the national interest

Today in ‘Your Conservative Questions Answered Very Easily’

View of American scientist and physician Jonas Salk (1914 - 1995), developer of the polio vaccine, wearing a white lab coat, and smiling while holding up a bottle in the laboratory, mid twentieth century. (Photo by Archive Photos/Getty Images)
Government bureaucrat Jonas Salk stifling innovation in the vaccine sector. Photo: PhotoQuest/Getty Images

Every so often, the conservative pundit Conn Carroll will emerge from the right-wing cocoon, armed with invincible ignorance, and attempt to trap me with questions that can be refuted with unbelievable ease. It’s one of the things I love most about this job. His last query concerned what would happen if Obamacare’s cost controls failed, “like it’s failing in Mass[achusetts],” to which I pointed out that none of the cost controls in Obamacare have been tried in Massachusetts. The latest serious question hinges on his belief that government-dominated industries never innovate:

Being no expert in the field, but having the working knowledge that comes from living in the actual world rather than the world of Rush Limbaugh’s imagination, I immediately cited defense, aerospace, and biotechnology. I don’t see how you can deny that the progression of military technology from dudes with muskets to tanks and cruise missiles represents innovation. Likewise, we’re definitely better at sending stuff into outer space than we were when NASA was founded in 1958.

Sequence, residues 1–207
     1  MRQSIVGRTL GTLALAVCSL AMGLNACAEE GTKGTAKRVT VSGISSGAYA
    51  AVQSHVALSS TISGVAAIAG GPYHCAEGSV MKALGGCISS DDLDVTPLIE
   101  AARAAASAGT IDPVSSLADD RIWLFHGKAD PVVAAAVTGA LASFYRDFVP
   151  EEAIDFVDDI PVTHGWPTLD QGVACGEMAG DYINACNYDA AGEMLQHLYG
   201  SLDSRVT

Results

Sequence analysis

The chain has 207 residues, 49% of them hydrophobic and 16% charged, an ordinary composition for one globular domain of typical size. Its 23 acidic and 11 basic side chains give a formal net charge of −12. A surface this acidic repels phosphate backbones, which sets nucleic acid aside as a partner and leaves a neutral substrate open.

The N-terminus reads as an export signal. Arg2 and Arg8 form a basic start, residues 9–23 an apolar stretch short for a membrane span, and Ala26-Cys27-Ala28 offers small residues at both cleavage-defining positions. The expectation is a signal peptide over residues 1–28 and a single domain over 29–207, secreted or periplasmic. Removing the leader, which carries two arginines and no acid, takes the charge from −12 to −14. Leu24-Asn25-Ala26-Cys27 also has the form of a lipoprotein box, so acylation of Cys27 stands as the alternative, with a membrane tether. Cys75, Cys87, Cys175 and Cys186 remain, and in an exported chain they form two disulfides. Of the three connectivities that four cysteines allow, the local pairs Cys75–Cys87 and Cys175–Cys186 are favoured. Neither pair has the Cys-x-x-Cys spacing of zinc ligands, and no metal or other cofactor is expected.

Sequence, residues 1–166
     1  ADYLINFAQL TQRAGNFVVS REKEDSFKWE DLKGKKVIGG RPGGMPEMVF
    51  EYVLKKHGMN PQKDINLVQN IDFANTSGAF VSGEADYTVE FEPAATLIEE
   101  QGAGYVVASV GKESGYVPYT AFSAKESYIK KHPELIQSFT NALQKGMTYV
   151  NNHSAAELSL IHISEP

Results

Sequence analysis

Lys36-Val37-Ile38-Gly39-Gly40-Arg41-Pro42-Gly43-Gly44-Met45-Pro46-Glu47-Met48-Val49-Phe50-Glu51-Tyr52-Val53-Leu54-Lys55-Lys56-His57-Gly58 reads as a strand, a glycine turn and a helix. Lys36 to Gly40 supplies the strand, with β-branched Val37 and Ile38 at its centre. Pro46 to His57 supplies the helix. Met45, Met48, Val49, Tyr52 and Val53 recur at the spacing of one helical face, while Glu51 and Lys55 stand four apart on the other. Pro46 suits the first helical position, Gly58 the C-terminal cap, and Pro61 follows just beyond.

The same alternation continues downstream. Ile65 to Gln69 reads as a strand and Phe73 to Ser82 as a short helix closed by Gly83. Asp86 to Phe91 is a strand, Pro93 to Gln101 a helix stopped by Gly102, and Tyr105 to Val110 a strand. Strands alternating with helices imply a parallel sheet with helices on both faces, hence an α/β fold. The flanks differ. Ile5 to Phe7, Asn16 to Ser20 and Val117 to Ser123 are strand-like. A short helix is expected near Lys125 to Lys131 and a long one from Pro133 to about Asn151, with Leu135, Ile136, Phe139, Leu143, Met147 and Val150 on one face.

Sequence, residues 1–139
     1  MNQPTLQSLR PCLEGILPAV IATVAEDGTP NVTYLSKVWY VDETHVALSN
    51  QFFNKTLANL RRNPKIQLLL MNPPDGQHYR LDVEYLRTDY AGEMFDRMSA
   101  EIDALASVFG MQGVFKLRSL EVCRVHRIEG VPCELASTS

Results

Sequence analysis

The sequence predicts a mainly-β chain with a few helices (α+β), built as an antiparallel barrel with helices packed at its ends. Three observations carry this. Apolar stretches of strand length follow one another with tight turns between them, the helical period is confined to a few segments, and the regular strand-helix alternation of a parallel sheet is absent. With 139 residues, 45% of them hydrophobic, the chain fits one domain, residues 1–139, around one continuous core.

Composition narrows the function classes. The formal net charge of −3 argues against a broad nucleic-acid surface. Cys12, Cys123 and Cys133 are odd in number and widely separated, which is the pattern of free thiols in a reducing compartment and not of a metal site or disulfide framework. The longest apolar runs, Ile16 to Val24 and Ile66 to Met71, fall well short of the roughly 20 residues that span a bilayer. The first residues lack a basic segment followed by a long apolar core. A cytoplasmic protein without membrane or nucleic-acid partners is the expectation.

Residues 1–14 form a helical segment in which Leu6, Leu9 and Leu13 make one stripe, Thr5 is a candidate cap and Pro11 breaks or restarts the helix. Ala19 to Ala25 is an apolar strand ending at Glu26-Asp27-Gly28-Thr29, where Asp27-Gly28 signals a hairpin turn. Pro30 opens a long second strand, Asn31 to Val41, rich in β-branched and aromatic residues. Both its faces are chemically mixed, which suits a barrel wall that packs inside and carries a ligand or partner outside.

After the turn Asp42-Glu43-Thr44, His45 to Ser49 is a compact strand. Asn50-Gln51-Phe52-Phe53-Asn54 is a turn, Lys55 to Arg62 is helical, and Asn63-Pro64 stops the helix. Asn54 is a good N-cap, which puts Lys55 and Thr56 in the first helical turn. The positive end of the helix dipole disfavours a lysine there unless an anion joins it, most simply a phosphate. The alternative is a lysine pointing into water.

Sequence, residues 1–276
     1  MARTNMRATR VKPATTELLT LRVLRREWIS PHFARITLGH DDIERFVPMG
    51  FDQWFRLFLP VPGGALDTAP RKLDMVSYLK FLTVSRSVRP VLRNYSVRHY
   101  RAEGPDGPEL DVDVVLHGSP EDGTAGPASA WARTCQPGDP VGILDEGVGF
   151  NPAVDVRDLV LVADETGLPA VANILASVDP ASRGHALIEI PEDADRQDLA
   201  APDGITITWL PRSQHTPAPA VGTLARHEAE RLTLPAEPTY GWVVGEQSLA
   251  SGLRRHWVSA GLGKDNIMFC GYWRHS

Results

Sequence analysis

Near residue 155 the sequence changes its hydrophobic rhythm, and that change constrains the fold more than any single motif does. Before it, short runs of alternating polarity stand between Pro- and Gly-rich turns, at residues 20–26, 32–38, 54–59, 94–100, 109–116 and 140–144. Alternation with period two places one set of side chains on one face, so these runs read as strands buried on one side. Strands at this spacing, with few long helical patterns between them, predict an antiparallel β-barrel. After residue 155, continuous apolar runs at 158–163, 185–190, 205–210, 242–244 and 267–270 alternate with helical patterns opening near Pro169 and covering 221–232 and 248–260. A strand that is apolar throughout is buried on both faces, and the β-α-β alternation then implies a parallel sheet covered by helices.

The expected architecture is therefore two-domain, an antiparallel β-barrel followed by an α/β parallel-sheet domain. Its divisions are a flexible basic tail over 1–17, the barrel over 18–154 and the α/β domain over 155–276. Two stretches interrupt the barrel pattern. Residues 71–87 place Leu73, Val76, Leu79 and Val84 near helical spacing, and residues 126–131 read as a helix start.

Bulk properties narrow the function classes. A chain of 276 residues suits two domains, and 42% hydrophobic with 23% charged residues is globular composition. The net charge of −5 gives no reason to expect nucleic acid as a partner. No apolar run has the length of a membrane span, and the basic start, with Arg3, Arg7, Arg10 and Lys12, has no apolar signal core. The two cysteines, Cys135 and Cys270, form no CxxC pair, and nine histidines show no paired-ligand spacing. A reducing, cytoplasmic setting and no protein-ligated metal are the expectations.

Many others have since sprang to mind. Agriculture has been dominated by socialistic regulation for 80 years, which is a terrible policy in my opinion, but certainly hasn’t stopped the industry from developing massively effective productivity improvements. Defense investment obviously includes the development of the Internet. Finance is pretty crony-ist, and I know Carroll agrees, and it’s innovated in a lot of ways I’d call negative, but it’s certainly innovated. The government-directed fracking technology and horizontal drilling. Plus lots more, including “innovations from machine tools to railroads, electricity transmission, transistors, lasers, the internet, GPS, and every aspect of energy exploration and development.”

What has the government ever done for us?” turns out to be a loaded question with a disappointingly long answer.

There is a lot more history and analysis of government’s role in innovation. While I’d agree that a completely state-dominated economy would probably have less innovation on the whole, it’s pretty obvious that the simplistic libertarian caricature — government can only stifle innovation — bears little resemblance to observed reality.

Carroll, characteristically, is declaring victory anyway:

Today in Conservative Questions Answered Easily